Hurricane Irma from space (September 2017)
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This is a new topic for AP Physics 1. March 2014 was the first run through of it and we had to cobble up new experiments from whatever bits and bobs that we had laying around. We were grateful to CycleWorks for a donation of several old bike wheels! The AP examiners are feeling more confident about setting free response questions on this topic, consider yourself warned!
Bermuda Science Olympics 2014  the task was to construct a machine that could raise a 1 kg mass off the floor to a height of 1 m, only using a rather feeble desk fan! We used the concept of varying torques due to the changing radius of a bike wheel (i.e. gearing and a rubber band drivetrain) to achieve the goal. Needless to say  we won!
Students then went on to use the apparatus to measure the torques, angular velocities and the different tangential velocities at the different radii.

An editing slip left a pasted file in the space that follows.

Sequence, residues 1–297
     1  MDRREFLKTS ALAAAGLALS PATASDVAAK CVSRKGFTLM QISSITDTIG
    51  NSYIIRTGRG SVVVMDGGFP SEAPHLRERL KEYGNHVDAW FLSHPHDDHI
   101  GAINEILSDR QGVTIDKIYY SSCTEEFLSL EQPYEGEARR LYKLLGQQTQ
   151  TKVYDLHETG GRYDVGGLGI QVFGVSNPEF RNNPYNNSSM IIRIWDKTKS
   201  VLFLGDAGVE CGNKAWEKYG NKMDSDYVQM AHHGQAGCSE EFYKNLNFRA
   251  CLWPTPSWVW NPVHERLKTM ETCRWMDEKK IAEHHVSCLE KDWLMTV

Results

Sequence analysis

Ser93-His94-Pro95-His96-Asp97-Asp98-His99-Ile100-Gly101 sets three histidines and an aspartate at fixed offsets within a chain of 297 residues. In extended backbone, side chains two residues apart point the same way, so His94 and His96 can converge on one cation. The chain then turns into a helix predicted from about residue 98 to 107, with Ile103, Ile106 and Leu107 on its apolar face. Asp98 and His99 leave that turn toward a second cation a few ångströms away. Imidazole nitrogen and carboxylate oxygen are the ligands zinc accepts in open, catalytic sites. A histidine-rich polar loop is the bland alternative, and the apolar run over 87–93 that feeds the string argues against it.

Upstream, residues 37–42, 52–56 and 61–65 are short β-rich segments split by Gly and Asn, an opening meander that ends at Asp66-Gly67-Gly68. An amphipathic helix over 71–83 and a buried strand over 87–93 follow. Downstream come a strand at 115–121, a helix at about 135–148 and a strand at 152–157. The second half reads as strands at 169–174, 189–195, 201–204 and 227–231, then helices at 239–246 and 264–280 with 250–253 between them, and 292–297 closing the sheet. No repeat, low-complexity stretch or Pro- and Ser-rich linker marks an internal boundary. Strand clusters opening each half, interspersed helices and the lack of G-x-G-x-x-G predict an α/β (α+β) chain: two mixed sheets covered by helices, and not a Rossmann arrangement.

Hurricane Gonzalo  17 October 2014. A hurricane is an extreme example of rotational mechanics. Last year the island suffered a direct hit. The eye lasted over an hour and the air was eerily still, with only the sound of tree frogs gleeping away. The worst part of the storm was the returning eye wall that brought the winds out of the west. The difference between the linear speed of the advancing storm and the tangential speed of the eye wall is enormous. The radar dome is situated to the east of the island near the airport and on the images is located at the crosshairs in the centre.
Note: Hurricanes are not rigid bodies, but fluids, so they do not follow the equations and principles that we will be learning in this topic! 
7.1  Getting to grips with rotational motion